Artists here are particularly engaged with influencing the future of the freedom of expression. The revolution is still up for grabs, they say, with powerful, entrenched interests dragging Egypt in different directions. They are grappling with huge historical uncertainties: What happened? Has anything changed? And they are turning to the literature of South America, films made in Eastern Europe after the fall of communism, even French comic books from the 1960s, for answers.This is just one version of the problem faced by most modern artists: once they have disconnected themselves from the traditional interests of the aristocratic class, what should they say and do? Some become cynical and spend their time mocking the middle class, some struggle to hold onto a sense of opposition and revolution, while others focus on cashing in.
In the aftermath of Egypt's revolution, some artists will try to hold onto that miraculous moment. One of the artist's features in this peace, Lara Baladi,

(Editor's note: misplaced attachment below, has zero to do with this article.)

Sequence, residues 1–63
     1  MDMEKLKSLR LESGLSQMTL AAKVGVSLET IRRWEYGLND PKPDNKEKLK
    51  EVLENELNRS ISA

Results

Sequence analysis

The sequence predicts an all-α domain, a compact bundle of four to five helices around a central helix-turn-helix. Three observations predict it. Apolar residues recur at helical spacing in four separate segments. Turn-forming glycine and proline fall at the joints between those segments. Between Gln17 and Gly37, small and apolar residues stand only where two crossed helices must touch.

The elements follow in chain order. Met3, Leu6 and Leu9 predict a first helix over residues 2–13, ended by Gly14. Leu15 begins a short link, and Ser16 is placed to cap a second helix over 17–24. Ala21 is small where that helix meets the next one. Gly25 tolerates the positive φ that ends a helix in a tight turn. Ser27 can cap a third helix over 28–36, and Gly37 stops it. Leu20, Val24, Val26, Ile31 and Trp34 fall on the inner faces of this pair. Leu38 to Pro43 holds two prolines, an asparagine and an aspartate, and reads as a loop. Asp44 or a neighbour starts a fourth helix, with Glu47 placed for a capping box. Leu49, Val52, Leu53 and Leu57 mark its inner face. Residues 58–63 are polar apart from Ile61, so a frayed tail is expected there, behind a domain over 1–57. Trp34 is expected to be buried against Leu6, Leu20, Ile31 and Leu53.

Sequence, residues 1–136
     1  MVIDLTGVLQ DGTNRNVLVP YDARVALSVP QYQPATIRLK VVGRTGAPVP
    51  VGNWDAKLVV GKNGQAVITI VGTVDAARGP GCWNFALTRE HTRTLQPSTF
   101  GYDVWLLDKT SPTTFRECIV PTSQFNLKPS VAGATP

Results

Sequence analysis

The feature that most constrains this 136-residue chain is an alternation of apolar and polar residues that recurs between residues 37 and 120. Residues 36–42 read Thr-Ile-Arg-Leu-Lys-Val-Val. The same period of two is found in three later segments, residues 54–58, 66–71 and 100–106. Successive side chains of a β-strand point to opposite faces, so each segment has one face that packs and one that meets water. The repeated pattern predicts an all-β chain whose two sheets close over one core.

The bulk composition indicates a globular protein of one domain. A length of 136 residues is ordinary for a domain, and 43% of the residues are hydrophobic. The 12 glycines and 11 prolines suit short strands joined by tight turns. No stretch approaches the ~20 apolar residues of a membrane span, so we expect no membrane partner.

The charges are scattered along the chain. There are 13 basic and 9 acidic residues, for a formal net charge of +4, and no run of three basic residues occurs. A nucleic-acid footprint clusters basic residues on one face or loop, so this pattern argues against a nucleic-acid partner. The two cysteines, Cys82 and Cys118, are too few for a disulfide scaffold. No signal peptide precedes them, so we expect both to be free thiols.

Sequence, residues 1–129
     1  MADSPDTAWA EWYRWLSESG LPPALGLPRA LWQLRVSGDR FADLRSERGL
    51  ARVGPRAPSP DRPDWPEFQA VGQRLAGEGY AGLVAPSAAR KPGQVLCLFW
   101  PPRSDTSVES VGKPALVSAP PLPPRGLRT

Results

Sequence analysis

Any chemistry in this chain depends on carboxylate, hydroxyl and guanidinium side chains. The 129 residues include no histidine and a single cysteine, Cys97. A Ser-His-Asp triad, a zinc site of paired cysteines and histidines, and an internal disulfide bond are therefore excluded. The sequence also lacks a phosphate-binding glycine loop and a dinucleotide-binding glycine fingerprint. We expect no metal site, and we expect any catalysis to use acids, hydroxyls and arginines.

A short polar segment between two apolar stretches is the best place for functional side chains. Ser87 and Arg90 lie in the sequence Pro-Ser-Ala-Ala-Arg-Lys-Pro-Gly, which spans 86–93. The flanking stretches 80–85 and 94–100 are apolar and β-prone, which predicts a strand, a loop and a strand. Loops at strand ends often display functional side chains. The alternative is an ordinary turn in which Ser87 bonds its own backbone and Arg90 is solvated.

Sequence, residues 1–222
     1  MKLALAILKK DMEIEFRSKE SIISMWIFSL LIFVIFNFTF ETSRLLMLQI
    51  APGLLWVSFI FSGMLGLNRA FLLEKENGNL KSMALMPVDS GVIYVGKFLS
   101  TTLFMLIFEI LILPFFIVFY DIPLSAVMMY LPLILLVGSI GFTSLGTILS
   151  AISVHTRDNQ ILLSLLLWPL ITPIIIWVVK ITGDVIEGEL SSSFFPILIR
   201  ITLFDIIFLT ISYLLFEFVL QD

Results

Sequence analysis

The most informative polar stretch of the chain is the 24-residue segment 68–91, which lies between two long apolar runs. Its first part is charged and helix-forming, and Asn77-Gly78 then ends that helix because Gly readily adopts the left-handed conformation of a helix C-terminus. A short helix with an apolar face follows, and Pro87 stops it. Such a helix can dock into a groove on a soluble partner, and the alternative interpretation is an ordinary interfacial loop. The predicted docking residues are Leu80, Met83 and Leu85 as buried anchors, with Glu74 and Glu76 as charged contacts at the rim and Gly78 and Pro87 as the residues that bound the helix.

speaks in almost mystical terms about the days she spent in Tahrir Square and what it all meant. . . . Beyond political revolution, she argues, Tahrir gave Egyptians a vision of religious and social unity that could refashion the nation’s most fundamental values. Baladi, a Christian with roots in Egypt and Lebanon, imagines the revolution transforming not just Egypt but the world.But how to make art that will express such hopes without becoming mawkish?
At least, though, the artists have a sense of new possibilities, and a new vision of their country and themselves.